Analysis of finds from the archaeological excavation of a cist burial located on the foreshore at Lopness on Sanday in Orkney have revealed new evidence for Bronze Age burial practices.
The cist, which was in danger of being eroded by the sea, was excavated in September 2000 as part of Historic Scotland’s Human Remains Call Off Contract by Orkney Archaeological Trust and on behalf of the then Glasgow University Archaeological Research Division (G.U.A.R.D.). The cist was constructed from large beach flags and contained the skeleton of a middle-aged to elderly woman. The osteological evidence points to a woman who led a physically demanding life, which involved repetitive actions over time and who at the time of her death was suffering from the crippling effects of osteoarthritis. During her working life she may have spent much of her time at a loom, but other activities, such as net fishing may have contributed to her osteological profile. The radiocarbon data, taking into account the marine reservoir effect, indicates that the woman was buried probably between 1890 and 1520 BC.
The cist also contained a relatively large amount of animal bone as well as fragments of shell, lobster/crab, sea urchin/starfish, and fish bone. This is not a common phenomenon and the vast majority of this material is likely to have been ‘incidental’. Lithic material and pottery were also found overlying the skeletal remains. The lithic material was predominantly knapping debris, which suggests it derived from elsewhere. Lithic artefacts recovered from prehistoric funerary contexts are commonly ‘prestige goods’ such as flint knives and scrapers and are not normally the waste from the manufacture of such objects. The Lopness lithic artefacts are thought to date to the early to middle Bronze Age. At least two pottery vessels were identified but it is unlikely, given the small number of sherds, that whole vessels were ever present. Stylistically the assemblage ranges from the mid to late second millennium BC. Botanical evidence, comprising carbonised barley cereal grains was also recovered from the cist deposits. These remains, together with the lithic artefacts and pottery are indicative of waste or midden material forming the upper fills of the cist.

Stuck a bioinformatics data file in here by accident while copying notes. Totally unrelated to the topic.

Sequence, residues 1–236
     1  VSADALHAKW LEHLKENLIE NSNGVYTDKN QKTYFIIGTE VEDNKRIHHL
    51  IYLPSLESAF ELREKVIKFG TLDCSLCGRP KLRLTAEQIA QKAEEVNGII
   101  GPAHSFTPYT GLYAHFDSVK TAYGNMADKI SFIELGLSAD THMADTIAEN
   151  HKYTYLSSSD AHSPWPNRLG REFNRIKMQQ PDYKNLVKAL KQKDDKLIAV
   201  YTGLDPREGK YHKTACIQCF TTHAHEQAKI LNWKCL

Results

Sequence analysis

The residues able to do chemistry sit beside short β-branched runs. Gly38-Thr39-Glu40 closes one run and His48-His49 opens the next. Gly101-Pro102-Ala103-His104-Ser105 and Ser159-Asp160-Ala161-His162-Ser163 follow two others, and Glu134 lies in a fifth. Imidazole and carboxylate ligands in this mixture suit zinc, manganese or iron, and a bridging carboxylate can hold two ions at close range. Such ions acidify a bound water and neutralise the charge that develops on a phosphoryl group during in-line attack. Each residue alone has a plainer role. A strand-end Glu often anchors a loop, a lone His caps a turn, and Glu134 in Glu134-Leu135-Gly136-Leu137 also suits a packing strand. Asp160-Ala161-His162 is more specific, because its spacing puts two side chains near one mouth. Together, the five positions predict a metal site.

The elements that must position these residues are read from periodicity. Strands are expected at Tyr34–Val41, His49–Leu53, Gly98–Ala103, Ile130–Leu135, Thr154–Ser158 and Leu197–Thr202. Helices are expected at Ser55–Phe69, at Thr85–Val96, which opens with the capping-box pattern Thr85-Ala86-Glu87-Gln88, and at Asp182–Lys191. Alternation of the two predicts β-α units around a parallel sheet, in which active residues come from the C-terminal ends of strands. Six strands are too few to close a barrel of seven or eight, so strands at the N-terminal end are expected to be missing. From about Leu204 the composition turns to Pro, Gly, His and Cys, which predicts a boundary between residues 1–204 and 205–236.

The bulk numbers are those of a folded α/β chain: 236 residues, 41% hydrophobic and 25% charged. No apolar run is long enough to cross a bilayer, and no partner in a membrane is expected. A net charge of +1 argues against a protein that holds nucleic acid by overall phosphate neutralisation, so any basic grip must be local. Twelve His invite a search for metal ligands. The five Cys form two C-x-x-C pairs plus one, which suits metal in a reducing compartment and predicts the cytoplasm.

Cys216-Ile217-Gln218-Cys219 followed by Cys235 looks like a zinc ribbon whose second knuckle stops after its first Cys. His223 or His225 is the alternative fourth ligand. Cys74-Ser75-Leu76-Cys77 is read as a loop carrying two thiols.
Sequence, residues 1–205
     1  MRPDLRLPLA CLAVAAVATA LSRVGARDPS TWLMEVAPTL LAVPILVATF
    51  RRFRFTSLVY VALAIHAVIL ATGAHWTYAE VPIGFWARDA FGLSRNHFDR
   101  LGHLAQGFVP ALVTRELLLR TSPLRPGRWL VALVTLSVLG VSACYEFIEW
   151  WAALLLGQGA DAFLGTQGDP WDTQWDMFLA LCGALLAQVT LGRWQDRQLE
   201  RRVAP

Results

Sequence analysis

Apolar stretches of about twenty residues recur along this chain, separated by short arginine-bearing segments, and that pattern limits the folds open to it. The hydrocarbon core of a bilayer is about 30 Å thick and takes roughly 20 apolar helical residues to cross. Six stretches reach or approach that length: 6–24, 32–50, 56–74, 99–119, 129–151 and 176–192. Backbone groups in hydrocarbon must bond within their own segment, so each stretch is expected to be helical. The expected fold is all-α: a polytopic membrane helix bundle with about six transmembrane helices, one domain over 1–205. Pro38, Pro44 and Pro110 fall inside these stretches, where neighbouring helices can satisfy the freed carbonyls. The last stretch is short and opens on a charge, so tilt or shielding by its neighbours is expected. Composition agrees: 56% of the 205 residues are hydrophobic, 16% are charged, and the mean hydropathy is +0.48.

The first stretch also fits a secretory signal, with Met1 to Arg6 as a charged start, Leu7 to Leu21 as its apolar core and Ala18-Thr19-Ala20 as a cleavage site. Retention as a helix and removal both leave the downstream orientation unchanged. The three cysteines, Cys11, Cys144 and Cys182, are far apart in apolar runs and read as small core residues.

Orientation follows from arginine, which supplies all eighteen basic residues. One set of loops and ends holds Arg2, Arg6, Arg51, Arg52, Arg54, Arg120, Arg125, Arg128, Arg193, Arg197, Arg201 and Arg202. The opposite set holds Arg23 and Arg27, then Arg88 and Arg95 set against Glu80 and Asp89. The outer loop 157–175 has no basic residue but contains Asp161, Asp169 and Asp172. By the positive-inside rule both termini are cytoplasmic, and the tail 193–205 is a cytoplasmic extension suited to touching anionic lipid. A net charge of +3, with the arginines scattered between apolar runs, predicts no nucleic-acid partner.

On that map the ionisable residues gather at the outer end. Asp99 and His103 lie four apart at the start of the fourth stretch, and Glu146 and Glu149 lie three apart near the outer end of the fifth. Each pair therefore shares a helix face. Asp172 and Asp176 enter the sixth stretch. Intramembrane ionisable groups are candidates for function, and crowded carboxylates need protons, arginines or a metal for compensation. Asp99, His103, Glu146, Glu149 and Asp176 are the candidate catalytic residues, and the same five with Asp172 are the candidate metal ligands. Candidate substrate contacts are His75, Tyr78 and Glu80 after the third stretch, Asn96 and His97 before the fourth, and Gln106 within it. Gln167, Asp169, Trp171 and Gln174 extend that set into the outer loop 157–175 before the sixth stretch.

‘The most likely sequence of events involves the burial of a deceased female in a cist without surviving grave goods in the early to middle Bronze Age,‘ said report author Lorna Innes. ‘Accumulations of midden material, possibly from a slight mound capping the burial, subsequently fell into the cist with the collapse of its lid. The cist had become damaged and the burial was disturbed, and it is likely that the situation may have been rectified by the deliberate introduction of offerings (lamb bones and limpets) into the grave. However, there does not appear to have been any attempt made to repair the cist lid, even though the cist was likely to have been recognised as a grave. However, the subsequent collapse of midden into the cist brought with it the pottery and the lithic artefacts.’
There are few parallels for the Lopness cist burial in Orkney. At Sand Fiold, a rock cut burial chamber in Sandwick, Orkney, contained the remains of two inhumations (foetal and sub-adult) and two cremated adult males. One of the cremated remains was contained within a Food Vessel Urn while the other formed a discrete pile in the centre of the cist. The radiocarbon dates from Sand Fiold suggest longevity of use of this burial place with cremation and inhumation rites taking place during the same period. The sub-adult inhumation within the Sand Fiold cist is of comparable date to the Lopness inhumation and together bear testament to the continued use of inhumation into the Bronze Age on Orkney despite the adoption of cremation. They also suggest the broadly contemporary use of two very different types of funerary rite, sometimes even within the same burial as at Sand Fiold or at the middle Bronze Age barrow cemetery at Linga Fiold on the Orkney Mainland. There are considerable differences between cremation and inhumation rituals and use of one rite over another strongly suggests that quite different attitudes to the dead were involved.
The full results of this research, ARO19: The Cist on the Foreshore at Lopness, Sanday, Orkney by Lorna Innes, has just been published and is now freely available to download from the ARO website – Archaeology Reports Online.